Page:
Saturday, May 14, 2016

Robbing the Cradle

A version of this post was first published on the Hope Mommies Blog on May 14, 2016.

My husband and I met through a prank phone call my first semester of college. I was a bright-eyed eighteen year-old fresh out of high school. He was a dreamy junior who was the front man in a rock band. Some might even say that he robbed the cradle. But, back to the prank phone call...

The phone rang in my dorm room late one night and I answered. This was before everyone had cell phones (yes, we are THAT old). It was a group of not-so-nice boys who said they were in my English class. I naively believed them. As it turns out, they were randomly picking girls from the Belmont University directory and cold-calling them. 

THEY ASKED ME MY BRA SIZE. To which, I replied, "None of your business." They asked why I came to Nashville and I told them I was a singer. They put me on speaker phone and asked me to sing. I sang Amazing Grace.

My husband (who swears up and down that he wasn’t involved in his roommates’ pranks) overheard me singing on speaker phone and took note. He had to meet the girl who sang the same lullaby his mother used to sing to him. He called me a week later and apologized for his roommates’ inappropriate line of questioning. 

He asked if we could meet in a gazebo on campus. It was in that very same gazebo six months later that he asked me to marry him. It was a whirlwind romance and before I even turned twenty, we were married and dreaming about how many kids we would have and making lists of our favorite baby names.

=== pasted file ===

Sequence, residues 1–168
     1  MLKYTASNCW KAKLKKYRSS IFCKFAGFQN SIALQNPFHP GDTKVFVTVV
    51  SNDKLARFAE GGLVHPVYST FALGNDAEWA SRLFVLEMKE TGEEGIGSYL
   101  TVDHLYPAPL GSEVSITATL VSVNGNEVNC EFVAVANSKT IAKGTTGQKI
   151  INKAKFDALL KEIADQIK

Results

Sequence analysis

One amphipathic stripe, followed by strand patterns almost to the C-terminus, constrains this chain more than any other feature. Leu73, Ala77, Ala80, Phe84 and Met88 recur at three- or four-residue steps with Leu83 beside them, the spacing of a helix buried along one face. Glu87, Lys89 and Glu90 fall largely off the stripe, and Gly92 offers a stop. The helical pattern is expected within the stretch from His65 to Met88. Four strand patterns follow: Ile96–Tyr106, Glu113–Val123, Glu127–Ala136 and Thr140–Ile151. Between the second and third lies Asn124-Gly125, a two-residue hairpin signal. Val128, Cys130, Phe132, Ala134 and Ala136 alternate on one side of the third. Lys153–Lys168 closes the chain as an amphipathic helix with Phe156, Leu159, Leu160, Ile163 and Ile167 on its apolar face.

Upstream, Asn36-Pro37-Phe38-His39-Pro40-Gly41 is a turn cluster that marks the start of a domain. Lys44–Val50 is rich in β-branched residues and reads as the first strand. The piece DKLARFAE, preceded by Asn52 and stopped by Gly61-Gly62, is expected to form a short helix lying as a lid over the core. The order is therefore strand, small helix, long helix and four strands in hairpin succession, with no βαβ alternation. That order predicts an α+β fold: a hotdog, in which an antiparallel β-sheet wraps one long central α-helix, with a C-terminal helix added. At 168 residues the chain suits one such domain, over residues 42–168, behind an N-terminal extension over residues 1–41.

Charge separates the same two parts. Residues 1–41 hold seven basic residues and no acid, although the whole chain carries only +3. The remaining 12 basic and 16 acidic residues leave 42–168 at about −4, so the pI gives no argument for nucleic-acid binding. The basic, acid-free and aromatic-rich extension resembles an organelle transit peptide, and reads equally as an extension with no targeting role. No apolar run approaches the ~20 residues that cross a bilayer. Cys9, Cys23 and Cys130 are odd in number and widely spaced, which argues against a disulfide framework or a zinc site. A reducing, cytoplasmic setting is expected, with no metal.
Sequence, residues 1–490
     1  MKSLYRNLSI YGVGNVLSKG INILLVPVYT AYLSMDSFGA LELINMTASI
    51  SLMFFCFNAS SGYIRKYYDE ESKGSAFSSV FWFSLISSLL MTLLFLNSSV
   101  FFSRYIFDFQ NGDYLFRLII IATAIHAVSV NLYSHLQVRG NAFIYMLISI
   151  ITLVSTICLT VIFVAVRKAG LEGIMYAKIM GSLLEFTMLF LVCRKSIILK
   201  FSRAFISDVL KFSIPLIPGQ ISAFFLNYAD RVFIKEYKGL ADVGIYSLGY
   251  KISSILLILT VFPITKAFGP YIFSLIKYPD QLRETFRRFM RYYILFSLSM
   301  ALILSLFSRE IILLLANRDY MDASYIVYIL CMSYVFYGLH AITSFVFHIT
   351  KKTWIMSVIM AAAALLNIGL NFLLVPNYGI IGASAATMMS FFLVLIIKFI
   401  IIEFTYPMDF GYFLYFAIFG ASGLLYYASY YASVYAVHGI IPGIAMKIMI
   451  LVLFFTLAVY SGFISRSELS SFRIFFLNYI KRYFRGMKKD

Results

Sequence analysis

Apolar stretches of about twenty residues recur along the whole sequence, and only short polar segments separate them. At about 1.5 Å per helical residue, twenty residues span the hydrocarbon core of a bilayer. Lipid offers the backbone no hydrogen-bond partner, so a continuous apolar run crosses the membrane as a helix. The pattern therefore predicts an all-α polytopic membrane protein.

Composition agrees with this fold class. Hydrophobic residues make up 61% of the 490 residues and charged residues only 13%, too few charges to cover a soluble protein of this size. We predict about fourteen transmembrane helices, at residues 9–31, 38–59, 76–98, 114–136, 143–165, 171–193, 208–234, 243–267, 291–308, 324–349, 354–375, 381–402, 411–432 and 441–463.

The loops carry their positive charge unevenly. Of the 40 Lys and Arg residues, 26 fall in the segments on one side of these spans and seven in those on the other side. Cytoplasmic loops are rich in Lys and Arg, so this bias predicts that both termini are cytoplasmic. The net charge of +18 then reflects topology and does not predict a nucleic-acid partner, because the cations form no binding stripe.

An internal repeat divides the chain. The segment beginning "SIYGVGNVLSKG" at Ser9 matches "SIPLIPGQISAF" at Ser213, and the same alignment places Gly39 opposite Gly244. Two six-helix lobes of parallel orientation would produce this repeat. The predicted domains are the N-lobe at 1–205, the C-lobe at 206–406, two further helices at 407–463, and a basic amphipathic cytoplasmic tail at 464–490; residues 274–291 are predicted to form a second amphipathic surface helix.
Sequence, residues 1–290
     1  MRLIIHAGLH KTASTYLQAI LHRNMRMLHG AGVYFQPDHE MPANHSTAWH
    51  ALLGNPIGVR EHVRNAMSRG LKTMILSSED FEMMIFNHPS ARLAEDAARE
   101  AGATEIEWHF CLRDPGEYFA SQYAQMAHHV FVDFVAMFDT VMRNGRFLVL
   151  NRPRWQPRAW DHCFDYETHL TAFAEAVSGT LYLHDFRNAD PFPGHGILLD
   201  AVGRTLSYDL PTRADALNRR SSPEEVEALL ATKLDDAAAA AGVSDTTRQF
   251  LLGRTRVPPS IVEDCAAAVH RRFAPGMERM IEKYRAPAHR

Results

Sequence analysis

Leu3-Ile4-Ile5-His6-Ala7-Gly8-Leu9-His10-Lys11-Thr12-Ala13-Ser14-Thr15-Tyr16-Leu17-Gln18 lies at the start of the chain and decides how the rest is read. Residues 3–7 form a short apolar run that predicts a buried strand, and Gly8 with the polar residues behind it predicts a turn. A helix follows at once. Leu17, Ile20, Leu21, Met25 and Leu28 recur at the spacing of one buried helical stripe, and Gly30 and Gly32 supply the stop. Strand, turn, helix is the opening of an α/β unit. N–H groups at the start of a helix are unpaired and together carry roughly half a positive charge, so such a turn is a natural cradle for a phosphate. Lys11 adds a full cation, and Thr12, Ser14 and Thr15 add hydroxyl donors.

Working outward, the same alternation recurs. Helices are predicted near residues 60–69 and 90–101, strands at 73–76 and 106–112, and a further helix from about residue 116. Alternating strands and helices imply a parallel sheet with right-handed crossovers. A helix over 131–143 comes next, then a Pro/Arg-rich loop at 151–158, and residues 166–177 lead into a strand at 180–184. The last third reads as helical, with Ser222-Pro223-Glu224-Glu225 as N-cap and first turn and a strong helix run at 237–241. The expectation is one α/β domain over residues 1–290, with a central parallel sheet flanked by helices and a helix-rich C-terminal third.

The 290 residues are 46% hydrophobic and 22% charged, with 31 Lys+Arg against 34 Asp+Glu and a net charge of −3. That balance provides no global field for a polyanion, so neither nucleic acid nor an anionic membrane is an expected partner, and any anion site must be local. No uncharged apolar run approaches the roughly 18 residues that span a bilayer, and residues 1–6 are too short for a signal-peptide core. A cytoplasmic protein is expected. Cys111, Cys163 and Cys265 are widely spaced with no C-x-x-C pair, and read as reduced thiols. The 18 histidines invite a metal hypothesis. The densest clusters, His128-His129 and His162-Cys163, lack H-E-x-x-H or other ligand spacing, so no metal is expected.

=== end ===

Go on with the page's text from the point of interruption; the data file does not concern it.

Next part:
However, after eight years of wedded bliss and nothing to show for it except for one very early miscarriage, we began to wonder if we were able to have a baby at all. We even made an appointment with a fertility specialist. But in an ironic twist of fate, I had to call and cancel because the very week of my appointment, I started throwing up my breakfast and seeing those coveted pink lines on a home pregnancy test. Yes! Our dream of having a family was finally coming true.

Nine months later, our first son was born. He is our namesake and our pride and joy. It was such a great pregnancy and birthing experience that we wanted to have another baby right away. I remember thinking, “That was so easy, let’s do it again!” 

Four months later, Chad’s little brother was on the way. His name would be Cohen. These two brothers would be just over a year apart. This one, however, would not be easy. This one, in fact, would rip our hearts in two. 

They often say that having a baby changes everything. What they don’t ever mention is that losing a baby makes the ground beneath your feet tremble. It shakes the very foundation of everything you thought you ever knew.

For me, it all happened so fast. It seemed like another perfect pregnancy, but the nightmare began when I went to the hospital to be induced. I was a day past my due date. No one had any idea that I had a velamentous cord insertion which caused vasa previa, a very rare condition affecting only 1 in 3000 pregnancies. It has a 50-100% infant mortality rate when undiagnosed and when a c-section is not performed. Because the fetal membranes were exposed, they ruptured when the doctor broke my water.